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When do I need to consider changing the investments in my pension income portfolio?

If you invest your retirement pot in the portfolios we have suggested, or any similar basket of investments, you’ll need to keep a close eye on the funds involved.

There are two main things to watch out for.

First, a change in fund manager. We have chosen the funds in our portfolios partly because of the reputation and record of the individuals in charge. When these people retire or move on, investors at the very least need to consider whether to switch to an alternative fund.

When fund managers leave, fund management firms tend to put out statements along the lines of, “we have a strong team in place and our process will remain unchanged”. Treat these statements with a degree of scepticism. Form your own opinion – perhaps with help
from the personal finance sections of national newspapers or from specialist websites such as or – of the merits of the new managers relative to the alternative funds available. We intend to keep up-to-date information on the best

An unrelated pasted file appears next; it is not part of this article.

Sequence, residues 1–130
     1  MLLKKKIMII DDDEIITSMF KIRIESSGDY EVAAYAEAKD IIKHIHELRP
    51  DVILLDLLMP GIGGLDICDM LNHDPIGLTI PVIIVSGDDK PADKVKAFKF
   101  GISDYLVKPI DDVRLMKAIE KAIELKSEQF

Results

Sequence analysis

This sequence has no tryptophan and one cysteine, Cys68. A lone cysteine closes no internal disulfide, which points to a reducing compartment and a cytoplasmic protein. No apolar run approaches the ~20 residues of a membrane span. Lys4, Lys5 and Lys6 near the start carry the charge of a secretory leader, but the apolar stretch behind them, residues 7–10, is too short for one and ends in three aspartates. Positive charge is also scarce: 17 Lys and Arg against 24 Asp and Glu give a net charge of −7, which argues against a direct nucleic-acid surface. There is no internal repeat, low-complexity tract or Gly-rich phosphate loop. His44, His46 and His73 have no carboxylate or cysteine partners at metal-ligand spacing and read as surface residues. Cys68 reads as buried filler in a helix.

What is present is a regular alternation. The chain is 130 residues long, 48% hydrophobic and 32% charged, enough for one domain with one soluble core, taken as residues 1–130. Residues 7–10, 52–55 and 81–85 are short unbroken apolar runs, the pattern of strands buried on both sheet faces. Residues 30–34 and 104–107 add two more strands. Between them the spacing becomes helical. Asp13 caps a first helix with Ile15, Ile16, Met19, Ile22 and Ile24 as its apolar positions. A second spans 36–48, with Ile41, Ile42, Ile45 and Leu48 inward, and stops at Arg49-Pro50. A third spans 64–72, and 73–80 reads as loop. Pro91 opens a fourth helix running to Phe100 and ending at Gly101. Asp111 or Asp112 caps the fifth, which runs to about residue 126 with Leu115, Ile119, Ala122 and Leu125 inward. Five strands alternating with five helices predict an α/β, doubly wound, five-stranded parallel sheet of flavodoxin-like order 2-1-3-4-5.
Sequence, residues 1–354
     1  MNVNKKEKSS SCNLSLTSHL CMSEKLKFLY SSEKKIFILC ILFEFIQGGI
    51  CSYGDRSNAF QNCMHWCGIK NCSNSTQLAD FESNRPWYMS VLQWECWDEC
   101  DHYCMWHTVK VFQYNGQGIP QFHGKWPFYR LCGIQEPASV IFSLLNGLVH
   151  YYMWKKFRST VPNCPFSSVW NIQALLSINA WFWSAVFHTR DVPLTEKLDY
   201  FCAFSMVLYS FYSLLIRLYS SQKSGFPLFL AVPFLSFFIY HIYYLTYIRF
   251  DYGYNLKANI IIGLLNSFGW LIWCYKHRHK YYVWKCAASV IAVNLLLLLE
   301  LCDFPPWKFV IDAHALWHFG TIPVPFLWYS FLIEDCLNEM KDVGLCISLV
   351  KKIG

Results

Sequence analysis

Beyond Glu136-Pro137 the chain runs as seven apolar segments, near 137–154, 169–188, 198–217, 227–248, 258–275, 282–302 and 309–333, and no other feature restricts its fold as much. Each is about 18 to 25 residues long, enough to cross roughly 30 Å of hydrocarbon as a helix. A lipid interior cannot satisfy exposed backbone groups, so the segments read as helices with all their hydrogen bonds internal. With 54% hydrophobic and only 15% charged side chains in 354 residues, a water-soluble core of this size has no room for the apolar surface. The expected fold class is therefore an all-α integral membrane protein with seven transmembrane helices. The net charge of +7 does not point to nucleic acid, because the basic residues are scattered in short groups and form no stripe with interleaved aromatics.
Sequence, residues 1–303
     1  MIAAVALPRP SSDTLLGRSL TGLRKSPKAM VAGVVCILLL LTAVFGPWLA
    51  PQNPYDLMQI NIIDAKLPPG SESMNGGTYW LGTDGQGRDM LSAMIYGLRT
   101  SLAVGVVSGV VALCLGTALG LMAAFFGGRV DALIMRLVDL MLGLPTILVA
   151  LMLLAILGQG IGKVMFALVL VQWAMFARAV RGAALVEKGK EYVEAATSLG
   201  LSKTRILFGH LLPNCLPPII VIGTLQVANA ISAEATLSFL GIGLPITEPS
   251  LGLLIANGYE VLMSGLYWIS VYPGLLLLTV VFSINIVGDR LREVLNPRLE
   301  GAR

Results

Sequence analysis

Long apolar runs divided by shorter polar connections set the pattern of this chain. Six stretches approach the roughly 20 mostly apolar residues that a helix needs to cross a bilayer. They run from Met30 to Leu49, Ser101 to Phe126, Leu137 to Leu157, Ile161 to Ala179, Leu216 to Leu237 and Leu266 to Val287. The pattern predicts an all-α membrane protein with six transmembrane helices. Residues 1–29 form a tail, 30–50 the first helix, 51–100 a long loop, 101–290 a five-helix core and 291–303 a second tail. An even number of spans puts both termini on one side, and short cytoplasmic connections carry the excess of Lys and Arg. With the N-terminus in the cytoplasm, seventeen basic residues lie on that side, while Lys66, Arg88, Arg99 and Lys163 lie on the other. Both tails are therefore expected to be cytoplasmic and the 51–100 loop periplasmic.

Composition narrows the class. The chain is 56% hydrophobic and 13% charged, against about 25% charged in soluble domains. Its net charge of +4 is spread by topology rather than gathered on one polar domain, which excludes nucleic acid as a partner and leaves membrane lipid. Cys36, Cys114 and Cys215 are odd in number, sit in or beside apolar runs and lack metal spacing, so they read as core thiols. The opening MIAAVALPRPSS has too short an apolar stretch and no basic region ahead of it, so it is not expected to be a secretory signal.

alternatives on this website.

The other important task is to monitor performance. This is not a question of looking every day at the ups and downs of the price of our funds, but a matter of spotting any consistent failure to perform in line with similar funds over a period of two or three years. There are tools that allow you to compare a fund’s performance with its peers on platforms (Hargreaves Lansdown has one, which both customers and non-customers can use) and we will aim to keep track of the funds in our portfolios on our website.

There are other circumstances in which you may want to change the portfolio. This has nothing to do with individual funds, but concerns the types of asset that you hold.

There is an argument that investors should switch to less volatile assets, principally bonds, as they approach the point at which they want to buy an annuity, as we expect investors in the high-income portfolio to need to do at some stage, as explained in Step 5. We believe that such a switch to bonds is a sensible course of action in general, although the situation at the time of writing is complicated by the fact that the safest bonds are widely seen as overvalued and highly priced.

We cannot say at this stage what the best course of action will be in, say, ten years’ time.

<< Return to: Step 3: What to invest your pension in

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